An international fellowship of men and women who come together to share their experience, strength and hope with the purpose of staying sober and helping other alcoholics to achieve sobriety. The only requirement for membership is a desire to stop drinking. Services and materials are available in Spanish, French and English.
Al-Anon/Alateen offers hope and recovery to all people affected by the alcoholism of a loved one or friend, whether the person you are concerned about is still drinking or not. Support for friends and families.
Adult Children of Alcoholics (ACA) www.adultchildren.org
Adult Children of Alcoholics is an anonymous Twelve Step program for people who grew up in an alcoholic or otherwise dysfunctional home.
Cocaine Anonymous (CA) www.ca.org
A fellowship of men and women who share their experience, strength and hope with each other so that they may solve their common problem and help others to recover from their addiction; the primary purpose is to stay free from cocaine and all other mind-altering substances, and to help others achieve the same freedom.
Crystal Meth Anonymous www.crystalmeth.org
Crystal Meth Anonymous is a fellowship of men and women who share their experience, strength and hope with each other, so they may solve their common problem and help others to recover from addiction to crystal meth. The only requirement for membership is a desire to stop using.
Dual Recovery Anonymous www.draonline.org
An independent, twelve-step, self-help organization for people with a dual diagnosis of chemical dependence and an emotional or psychiatric illness. Dual Recovery addresses how both illnesses affect all areas of life.
Marijuana Anonymous (MA) www.marijuana-anonymous.org
Marijuana Anonymous is a 12-Step fellowship that addresses the common problem of marijuana addiction. There are in-person and online meetings. The only requirement for membership is a desire to stop using marijuana.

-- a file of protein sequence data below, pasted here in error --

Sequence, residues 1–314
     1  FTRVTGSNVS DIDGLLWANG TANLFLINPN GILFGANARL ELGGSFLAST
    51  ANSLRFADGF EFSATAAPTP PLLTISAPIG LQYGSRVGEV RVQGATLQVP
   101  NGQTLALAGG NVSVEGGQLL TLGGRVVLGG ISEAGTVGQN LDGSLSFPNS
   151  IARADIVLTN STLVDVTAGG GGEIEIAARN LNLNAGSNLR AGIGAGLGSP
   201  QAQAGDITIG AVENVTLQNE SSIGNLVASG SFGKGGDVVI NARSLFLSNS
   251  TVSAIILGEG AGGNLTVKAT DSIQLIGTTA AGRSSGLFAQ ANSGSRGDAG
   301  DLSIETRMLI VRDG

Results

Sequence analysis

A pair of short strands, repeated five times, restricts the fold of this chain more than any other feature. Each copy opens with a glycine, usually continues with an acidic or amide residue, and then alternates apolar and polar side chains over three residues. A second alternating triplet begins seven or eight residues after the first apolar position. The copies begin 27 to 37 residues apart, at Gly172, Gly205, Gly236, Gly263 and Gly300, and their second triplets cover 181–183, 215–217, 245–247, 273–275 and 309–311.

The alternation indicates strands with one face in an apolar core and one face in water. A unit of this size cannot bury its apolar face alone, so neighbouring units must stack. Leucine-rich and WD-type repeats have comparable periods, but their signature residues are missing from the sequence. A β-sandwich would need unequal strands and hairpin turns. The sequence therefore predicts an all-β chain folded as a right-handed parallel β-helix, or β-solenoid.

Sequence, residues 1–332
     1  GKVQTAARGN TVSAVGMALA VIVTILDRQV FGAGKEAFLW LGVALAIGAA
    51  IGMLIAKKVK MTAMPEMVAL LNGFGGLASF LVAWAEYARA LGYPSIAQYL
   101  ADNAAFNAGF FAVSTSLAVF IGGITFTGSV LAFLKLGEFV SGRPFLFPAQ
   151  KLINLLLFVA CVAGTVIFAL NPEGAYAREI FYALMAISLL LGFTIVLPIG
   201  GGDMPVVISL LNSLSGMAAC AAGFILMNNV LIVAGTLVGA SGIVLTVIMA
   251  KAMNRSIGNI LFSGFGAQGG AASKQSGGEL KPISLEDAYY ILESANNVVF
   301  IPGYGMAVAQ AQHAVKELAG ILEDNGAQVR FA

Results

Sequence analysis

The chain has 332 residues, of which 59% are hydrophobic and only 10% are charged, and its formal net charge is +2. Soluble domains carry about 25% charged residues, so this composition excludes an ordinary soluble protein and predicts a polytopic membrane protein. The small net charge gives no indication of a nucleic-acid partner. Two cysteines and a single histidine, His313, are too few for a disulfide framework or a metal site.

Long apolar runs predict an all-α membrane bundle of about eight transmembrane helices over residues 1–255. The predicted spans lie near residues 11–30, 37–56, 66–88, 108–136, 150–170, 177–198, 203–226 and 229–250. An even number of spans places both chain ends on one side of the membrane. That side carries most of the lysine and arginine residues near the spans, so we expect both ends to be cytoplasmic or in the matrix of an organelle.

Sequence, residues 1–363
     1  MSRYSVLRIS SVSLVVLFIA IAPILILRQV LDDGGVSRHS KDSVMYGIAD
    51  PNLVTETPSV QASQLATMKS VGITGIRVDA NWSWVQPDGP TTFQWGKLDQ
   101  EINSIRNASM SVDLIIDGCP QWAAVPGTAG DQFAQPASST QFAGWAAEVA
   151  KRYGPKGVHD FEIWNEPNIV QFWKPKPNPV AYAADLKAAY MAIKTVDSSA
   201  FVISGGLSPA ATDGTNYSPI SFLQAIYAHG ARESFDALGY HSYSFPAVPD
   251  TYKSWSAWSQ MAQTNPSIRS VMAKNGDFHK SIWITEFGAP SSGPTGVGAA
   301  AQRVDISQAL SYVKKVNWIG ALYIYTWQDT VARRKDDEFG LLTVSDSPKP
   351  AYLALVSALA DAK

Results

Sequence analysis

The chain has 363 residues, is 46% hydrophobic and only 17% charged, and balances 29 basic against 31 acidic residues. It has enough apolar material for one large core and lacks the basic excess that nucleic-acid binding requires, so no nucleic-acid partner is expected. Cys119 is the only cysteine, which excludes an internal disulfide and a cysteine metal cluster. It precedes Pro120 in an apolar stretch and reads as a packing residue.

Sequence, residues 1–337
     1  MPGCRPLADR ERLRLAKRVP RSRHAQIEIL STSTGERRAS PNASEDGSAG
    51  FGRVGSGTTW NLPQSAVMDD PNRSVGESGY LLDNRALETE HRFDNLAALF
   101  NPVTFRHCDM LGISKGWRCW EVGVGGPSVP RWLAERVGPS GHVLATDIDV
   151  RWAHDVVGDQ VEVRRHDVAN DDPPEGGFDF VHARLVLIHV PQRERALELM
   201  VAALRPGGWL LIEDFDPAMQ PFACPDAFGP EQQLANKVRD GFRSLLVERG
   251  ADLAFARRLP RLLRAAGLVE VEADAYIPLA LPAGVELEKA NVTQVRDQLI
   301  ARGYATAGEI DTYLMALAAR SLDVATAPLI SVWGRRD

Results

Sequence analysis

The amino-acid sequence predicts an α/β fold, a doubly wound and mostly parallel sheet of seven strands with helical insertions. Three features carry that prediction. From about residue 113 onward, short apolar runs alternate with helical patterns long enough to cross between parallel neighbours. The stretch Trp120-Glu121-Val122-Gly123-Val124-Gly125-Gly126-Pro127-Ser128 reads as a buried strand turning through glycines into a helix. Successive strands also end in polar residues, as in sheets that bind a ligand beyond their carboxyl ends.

Narcotics Anonymous (NA) www.na.org
NA is a fellowship of men and women who come together for the purpose of sharing their recovery from drug abuse. NA members are working together in a spirit of unity and cooperation to carry their message of recovery. The only requirement for membership is the desire to stop using.
Nar-Anon Family Groups (Nar-Anon) www.nar-anon.org
Nar-Anon is a twelve-step program designed to help relatives and friends of addicts recover from the effects of living with an addicted relative or friend.
Nicotine Anonymous www.nicotine-anonymous.org
Nicotine Anonymous is a 12 Step Fellowship of people helping each other live nicotine-free lives. Nicotine Anonymous welcomes all those seeking freedom from nicotine addiction, including those using cessation programs and nicotine withdrawal aids.
6. Draw a line in the sand. You have most probably become entwined in this person’s addiction; perhaps even enabling them to continue on some level. We will be discussing this in more blogs but in short: know the difference between a loving no, a destructive yes, and a wide river of churning grey in between. The addict is the best salesman on earth and making the grey seem white is their forte.
Examples: Addict says he/she needs a new cell phone claiming that it was stolen. This is most likely, 99 percent likely, a scam. The cell phone was sold for drugs. Do not replace! Let me rave and rant…..walk away if you must. Don’t try to explain…they know the jig is up and of course, it infuriates them.
7. Keep in your mind your happiest, most joyful, remembrance of you and the one who now feels like a stranger. Hold that deep in your heart. They are somewhere in there. Carry that photo if you have to. Never give up on their sobriety.